Tykerb/Tycerb ErbB-2 and epidermal growth factor receptor (EGFR) dual kinase inhibitor   breast cancer (also renal, head & neck cancers)   III   2006/07   2006/07  
Hycamtin topo-isomerase I inhibitor   cervical cancer second-line therapy   Submitted   2006   S:Dec05  
Arranon guanine arabinoside prodrug   acute lymphoblastic leukaemia & lymphomas   Approved   2006   A:Oct05  
Hycamtin topo-isomerase I inhibitor   small cell lung cancer second-line therapy   Approved   A:Jan06   A:Nov98  

GSK Annual Report 2005

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Description of business
Build the best product pipeline in the industry

              Estimated filing dates  
Compound/Product Type   Indication   Phase   MAA   NDA  

256066 PDE IV inhibitor (inhaled)   asthma, COPD & allergic rhinitis   I          
656398 muscarinic acetylcholine antagonist   COPD   I          
856553 p38 kinase inhibitor (oral)   COPD (also atherosclerosis & rheumatoid arthritis)   I          
870086 novel glucocorticoid agonist   asthma   I          
961081 muscarinic antagonist, beta2 agonist   COPD   I          
159797 long-acting beta2 agonist   COPD, also COPD & asthma in combination with a glucocorticoid agonist   II          
159802 long-acting beta2 agonist   COPD, also COPD & asthma in combination with a glucocorticoid agonist   II          
233705 muscarinic acetylcholine antagonist   COPD   II          
597901 long-acting beta2 agonist   COPD, also COPD & asthma in combination with a glucocorticoid agonist   II          
642444 long-acting beta2 agonist   COPD, also COPD & asthma in combination with a glucocorticoid agonist   II          
678007 long-acting beta2 agonist   COPD, also COPD & asthma in combination with a glucocorticoid agonist   II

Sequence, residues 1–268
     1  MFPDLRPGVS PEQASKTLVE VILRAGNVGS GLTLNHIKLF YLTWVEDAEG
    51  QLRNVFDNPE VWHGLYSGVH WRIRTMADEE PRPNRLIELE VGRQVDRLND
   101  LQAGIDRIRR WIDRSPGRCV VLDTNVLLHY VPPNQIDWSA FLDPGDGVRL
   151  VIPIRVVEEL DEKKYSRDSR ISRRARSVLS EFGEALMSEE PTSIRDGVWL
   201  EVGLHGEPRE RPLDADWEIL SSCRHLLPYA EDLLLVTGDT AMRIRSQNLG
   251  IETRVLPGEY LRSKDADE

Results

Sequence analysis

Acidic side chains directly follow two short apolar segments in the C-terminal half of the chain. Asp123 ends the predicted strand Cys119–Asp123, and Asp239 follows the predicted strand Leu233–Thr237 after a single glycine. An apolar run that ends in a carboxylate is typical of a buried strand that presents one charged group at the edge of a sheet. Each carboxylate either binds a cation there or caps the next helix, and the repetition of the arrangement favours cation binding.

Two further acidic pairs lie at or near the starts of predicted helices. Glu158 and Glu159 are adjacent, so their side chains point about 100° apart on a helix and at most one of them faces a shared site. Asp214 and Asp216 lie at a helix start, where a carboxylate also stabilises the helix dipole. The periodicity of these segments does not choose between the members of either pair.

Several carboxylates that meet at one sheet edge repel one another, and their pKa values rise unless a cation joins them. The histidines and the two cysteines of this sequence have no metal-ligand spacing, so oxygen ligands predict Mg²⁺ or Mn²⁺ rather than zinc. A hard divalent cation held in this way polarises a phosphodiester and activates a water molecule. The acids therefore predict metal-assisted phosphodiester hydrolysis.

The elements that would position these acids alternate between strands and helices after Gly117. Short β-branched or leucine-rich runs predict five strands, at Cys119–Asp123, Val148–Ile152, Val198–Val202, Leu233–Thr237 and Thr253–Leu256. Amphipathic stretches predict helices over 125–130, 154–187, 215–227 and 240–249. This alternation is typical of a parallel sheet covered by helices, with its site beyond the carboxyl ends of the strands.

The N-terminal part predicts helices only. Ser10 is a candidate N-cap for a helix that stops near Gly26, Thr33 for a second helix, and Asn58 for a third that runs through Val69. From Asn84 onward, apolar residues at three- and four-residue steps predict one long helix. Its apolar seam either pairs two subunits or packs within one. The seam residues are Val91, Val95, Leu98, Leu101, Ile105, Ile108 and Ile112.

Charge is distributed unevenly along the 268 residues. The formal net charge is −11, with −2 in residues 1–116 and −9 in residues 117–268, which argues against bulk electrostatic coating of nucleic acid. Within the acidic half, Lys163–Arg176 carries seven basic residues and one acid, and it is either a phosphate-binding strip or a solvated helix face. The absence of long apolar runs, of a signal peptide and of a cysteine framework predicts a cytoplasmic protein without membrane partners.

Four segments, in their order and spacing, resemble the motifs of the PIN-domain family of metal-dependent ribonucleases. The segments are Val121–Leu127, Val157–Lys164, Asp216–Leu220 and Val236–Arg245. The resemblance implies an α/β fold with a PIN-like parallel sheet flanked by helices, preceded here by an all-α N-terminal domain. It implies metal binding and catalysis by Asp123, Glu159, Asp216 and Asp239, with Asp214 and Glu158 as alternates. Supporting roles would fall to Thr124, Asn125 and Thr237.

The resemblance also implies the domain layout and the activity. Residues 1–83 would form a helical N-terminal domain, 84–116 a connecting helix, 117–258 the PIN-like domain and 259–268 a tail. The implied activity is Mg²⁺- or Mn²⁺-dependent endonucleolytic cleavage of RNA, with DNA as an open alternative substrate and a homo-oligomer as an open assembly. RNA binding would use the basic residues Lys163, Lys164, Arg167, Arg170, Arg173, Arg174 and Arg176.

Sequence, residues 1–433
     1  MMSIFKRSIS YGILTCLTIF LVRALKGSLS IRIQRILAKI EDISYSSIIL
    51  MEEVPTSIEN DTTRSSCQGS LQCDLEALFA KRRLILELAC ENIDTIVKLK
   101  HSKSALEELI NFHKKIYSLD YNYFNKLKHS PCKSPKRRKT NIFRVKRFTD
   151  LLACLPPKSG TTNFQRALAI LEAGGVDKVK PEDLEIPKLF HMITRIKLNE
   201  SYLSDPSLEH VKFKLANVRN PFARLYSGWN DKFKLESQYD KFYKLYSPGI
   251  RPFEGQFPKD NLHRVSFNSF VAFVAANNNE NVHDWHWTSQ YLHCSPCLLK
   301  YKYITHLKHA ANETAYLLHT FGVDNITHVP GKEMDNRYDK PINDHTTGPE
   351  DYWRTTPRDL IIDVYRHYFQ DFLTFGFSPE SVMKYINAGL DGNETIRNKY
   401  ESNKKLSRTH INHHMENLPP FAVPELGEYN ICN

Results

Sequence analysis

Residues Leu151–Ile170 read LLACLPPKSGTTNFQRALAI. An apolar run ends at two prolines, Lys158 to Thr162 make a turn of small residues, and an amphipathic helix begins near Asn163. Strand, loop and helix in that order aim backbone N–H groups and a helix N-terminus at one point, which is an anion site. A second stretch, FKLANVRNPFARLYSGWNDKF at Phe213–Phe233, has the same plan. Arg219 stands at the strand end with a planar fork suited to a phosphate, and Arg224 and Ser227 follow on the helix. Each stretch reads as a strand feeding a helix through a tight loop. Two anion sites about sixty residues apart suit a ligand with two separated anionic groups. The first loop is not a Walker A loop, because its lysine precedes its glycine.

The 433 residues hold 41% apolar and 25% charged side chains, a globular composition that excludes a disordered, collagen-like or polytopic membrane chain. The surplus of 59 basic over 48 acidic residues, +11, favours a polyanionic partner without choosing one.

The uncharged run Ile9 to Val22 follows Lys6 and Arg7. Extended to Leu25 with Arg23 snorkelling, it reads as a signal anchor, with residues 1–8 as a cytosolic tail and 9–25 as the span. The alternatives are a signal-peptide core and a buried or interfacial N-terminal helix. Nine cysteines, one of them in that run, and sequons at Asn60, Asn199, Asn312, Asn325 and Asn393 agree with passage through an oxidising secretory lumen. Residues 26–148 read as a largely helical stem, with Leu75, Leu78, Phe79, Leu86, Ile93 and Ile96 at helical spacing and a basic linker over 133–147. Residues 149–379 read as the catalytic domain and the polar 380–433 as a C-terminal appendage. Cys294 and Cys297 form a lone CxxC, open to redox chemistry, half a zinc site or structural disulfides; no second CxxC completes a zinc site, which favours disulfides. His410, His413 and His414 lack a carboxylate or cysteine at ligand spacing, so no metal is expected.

681323 p38 kinase inhibitor (oral)   COPD (also rheumatoid arthritis & atherosclerosis)   II          
685698 glucocorticoid agonist   asthma & COPD in combination with a long-acting beta2 agonist (also allergic rhinitis)   II          
799943 glucocorticoid agonist   asthma & COPD in combination with a long-acting beta2 agonist   II          
mepolizumab anti-IL5 monoclonal antibody   asthma & nasal polyposis (also hypereosinophilic syndrome & eosinophilic esophagitis)   II          
Avamys/Allermist glucocorticoid agonist   allergic rhinitis   III   2006   2006  
Seretide/Advair beta2 agonist/inhaled corticosteroid   COPD – mortality claim   III   2006   2006  
Seretide beta2 agonist/inhaled corticosteroid   asthma – initial maintenance therapy   Submitted   S:Aug04   N/A  
Ariflo PDE IV inhibitor (oral)   COPD   Approvable       AL:Oct03  
Seretide/Advair beta2 agonist/inhaled corticosteroid   asthma – non-CFC inhaler   Approved   A:Jun00   AL:Oct01  
                  & Oct02  

Paediatric Vaccines                    
Hib-MenCY-TT conjugated   Neisseria meningitis groups C & Y disease & Haemophilus influenzae type b disease prophylaxis   II          
MenACWY-TT conjugated   Neisseria meningitis groups A, C, W & Y disease prophylaxis   II          
Globorix conjugated   diptheria, tetanus, pertussis, hepatitis B, Haemophilus influenzae type b disease, Neisseria meningitis groups A & C disease prophylaxis   lll   2006      
Streptorix conjugated   S.pneumoniae disease prophylaxis for children   lll   2007      
Priorix-Tetra live attenuated   measles, mumps, rubella & varicella prophylaxis   Submitted   S:Apr04      
Rotarix live attenuated – oral   rotavirus induced gastroenteritis prophylaxis   Submitted   S:Dec04      
Menitorix conjugated   Neisseria meningitis group C disease & Haemophilus influenzae type b disease prophylaxis   Approved   A:Dec05      

Other Vaccines                    
HIV recombinant   HIV infection prophylaxis   l          
S. pneumoniae elderly recombinant   S. pneumoniae disease prophylaxis   l          
S. pneumoniae paediatric recombinant   S. pneumoniae disease prophylaxis   l          
Varicella Zoster virus recombinant   Varicella Zoster prevention   l          
Tuberculosis recombinant   tuberculosis prophylaxis   I/II          
Dengue fever attenuated tetravalent vaccine   Dengue fever prophylaxis   ll          
Epstein-Barr virus recombinant   EBV infection prophylaxis   ll          
Flu improved inactivated split-adjuvanted   influenza prophylaxis   ll          
Flu intranasal (FluINsure) inactivated split-adjuvanted   influenza prophylaxis   ll          
Hepatitis E virus recombinant   hepatitis E prophylaxis   ll